Wednesday, February 18, 2009

"...I didn't want to push him..."

Every day, parents enroll their kids in martial arts class for numerous reasons, and we've all heard them before: structure, discipline, self-defense, exercise, and so forth. And thus, there will very likely come a time when your child will say something like "I'm too tired to go to class today." This is a highly important and critical point in a child's development in both the martial arts and in life.

Progress in the martial arts takes discipline, concentration and determination, and also support from the family (it's a little difficult for a 10-year-old student to drive himself to class!). I have seen many students skip classes and quit altogether when the intensity of classes start to build up, as it is a natural part of the progression (much in the same way that things get more difficult when going from 1st to 2nd to 3rd grade in elementary school). Many parents are worried about not wanting to "push" their kids. They also want their kids to love them and simply don't want them to face the consequences of their actions. What if the kid was "tired" and wanted to drop out of school?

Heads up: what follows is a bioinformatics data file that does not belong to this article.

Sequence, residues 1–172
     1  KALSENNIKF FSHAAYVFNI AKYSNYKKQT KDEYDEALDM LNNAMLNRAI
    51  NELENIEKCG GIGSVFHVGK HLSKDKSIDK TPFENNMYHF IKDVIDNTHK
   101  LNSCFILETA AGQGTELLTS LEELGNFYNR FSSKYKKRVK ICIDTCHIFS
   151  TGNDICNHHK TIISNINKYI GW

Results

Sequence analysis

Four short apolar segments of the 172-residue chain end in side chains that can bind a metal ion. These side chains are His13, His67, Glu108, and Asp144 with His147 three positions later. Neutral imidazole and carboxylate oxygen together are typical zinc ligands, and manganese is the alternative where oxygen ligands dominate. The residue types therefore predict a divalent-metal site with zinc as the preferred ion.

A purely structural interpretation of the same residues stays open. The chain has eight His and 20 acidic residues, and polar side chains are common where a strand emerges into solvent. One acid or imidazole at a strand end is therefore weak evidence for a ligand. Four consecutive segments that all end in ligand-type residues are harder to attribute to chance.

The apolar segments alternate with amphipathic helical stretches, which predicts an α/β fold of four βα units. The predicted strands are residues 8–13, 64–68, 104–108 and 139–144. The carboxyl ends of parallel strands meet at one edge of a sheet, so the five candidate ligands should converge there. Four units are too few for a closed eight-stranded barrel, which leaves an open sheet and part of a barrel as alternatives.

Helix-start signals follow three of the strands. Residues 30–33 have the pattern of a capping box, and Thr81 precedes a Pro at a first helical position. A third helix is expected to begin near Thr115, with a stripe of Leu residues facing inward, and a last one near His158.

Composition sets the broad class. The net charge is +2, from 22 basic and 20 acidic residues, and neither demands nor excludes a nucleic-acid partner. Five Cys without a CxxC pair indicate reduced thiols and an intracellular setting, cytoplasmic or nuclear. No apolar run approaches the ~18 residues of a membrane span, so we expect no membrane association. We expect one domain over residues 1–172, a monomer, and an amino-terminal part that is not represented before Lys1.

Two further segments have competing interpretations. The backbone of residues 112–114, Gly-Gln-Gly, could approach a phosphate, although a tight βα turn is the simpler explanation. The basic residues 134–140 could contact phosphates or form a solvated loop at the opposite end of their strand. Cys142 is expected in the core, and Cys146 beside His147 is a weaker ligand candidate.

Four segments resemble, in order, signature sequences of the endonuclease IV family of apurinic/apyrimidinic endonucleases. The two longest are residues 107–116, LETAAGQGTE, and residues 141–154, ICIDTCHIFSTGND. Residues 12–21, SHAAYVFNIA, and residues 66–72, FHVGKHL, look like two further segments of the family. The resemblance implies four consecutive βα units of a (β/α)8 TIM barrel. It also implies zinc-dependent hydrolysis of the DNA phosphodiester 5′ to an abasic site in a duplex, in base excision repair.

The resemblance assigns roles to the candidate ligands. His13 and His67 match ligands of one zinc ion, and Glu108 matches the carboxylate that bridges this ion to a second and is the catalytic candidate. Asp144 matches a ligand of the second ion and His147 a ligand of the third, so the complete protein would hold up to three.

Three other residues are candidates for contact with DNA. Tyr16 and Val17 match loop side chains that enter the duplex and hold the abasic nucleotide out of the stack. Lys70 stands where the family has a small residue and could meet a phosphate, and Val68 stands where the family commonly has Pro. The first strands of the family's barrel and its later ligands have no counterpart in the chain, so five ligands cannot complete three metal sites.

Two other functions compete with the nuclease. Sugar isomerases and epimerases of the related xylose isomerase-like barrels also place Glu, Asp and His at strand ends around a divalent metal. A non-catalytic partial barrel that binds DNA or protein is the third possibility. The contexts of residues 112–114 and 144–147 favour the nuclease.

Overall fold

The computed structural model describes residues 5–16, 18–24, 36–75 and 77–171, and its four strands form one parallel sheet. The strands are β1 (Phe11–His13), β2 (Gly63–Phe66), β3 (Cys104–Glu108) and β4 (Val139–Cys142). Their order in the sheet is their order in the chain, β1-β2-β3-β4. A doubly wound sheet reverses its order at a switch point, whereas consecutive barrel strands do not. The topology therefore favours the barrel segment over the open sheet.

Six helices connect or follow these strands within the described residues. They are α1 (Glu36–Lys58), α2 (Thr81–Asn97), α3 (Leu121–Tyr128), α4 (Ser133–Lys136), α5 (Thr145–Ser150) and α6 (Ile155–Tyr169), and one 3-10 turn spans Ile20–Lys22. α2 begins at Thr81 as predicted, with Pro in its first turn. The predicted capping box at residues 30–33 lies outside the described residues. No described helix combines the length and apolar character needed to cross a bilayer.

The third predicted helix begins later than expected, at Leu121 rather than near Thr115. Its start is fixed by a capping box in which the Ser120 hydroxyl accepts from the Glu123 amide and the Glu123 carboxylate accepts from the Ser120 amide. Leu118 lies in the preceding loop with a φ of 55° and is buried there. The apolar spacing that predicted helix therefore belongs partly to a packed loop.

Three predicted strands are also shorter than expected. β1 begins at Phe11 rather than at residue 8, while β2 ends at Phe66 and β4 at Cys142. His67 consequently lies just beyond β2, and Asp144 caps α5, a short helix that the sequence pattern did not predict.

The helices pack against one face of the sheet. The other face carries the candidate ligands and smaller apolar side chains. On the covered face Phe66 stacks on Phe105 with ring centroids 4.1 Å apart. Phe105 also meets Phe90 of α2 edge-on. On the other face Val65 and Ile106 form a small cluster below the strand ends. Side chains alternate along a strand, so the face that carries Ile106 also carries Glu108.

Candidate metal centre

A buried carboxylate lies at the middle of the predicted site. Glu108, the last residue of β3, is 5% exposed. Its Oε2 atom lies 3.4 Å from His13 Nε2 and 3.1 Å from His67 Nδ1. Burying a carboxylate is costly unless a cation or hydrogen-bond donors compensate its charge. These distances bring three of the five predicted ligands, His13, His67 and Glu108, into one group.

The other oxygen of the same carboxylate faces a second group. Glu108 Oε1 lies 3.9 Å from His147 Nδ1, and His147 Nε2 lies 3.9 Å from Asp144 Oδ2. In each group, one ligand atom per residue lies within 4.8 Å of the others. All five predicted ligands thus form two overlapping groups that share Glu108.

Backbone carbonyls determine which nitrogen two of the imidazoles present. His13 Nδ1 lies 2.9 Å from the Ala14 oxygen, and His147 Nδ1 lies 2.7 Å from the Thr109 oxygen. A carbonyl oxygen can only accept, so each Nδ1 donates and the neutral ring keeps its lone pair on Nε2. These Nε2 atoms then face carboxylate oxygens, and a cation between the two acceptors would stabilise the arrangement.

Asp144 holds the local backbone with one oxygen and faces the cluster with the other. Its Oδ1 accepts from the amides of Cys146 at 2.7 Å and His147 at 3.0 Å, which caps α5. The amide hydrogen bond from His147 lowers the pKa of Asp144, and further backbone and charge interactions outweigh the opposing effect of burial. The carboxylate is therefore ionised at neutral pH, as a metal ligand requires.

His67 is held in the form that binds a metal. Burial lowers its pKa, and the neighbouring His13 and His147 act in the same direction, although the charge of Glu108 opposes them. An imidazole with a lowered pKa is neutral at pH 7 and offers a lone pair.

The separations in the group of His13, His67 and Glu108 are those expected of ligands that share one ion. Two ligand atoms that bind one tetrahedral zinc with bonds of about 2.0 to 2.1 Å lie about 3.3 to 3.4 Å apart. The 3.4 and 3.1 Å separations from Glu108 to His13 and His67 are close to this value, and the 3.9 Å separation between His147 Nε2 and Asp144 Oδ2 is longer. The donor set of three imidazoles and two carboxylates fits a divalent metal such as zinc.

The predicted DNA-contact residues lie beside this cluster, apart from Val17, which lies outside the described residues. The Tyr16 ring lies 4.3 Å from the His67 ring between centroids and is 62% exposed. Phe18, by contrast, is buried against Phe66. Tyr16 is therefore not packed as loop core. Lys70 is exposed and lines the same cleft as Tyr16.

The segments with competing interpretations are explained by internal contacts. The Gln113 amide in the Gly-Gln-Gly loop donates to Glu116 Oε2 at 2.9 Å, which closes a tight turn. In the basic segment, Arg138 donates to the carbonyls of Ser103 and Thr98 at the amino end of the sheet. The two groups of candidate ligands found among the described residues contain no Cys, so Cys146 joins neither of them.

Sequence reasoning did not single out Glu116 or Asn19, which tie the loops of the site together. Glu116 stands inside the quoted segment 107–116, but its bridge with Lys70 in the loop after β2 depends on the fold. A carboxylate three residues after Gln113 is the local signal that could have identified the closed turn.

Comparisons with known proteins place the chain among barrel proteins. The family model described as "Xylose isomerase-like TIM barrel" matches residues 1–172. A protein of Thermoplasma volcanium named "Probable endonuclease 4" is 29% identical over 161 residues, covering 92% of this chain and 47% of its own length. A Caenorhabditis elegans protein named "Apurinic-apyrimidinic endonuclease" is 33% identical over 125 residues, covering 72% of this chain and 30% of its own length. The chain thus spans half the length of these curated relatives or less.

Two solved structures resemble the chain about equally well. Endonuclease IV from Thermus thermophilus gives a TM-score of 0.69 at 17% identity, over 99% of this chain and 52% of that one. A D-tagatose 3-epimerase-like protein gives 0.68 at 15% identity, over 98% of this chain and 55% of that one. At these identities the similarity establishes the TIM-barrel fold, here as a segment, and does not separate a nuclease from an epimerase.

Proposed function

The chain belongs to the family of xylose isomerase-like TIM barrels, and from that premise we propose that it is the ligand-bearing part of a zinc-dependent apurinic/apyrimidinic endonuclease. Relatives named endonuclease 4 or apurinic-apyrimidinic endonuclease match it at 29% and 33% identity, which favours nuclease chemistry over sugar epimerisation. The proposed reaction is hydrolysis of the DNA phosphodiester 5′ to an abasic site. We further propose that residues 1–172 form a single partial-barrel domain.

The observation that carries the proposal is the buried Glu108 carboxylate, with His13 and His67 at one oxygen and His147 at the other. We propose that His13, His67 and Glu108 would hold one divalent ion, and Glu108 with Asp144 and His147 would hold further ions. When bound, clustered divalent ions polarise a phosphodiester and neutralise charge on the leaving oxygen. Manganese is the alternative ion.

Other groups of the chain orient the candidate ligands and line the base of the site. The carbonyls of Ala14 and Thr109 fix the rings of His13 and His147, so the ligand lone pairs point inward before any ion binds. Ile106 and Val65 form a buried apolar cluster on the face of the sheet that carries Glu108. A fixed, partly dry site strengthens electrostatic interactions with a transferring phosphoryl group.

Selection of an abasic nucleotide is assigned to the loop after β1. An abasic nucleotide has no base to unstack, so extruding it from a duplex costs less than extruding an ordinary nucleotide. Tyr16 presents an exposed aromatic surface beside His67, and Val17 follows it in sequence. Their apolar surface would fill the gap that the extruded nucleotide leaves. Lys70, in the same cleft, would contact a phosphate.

Not to say that my generation is any better than any other one, but in my day, we weren't allowed to quit ANYTHING, especially if it was our idea to begin in the first place. Two reasons behind this was:
(1) It taught us commitment and discipline. Simply put, if you say you're going to do something, then do it. My definition of discipline is committing to doing something even though it may be something you don't want to do, and seeing it to the end.
(2) We (we meaning kids) didn't call the shots. The parents did (and should do so now). When you allow the kid to quit simply because they don't want to go anymore, who's really in charge?

Children will understandably put up resistance to commitment, and it is up to us as parents to instill the importance of a "no-quit" attitude to prepare them for life down the road.

I heard somewhere that the world is full of great starters; teaching children the commitment and discipline to see things to the end will give the world more great finishers as well.

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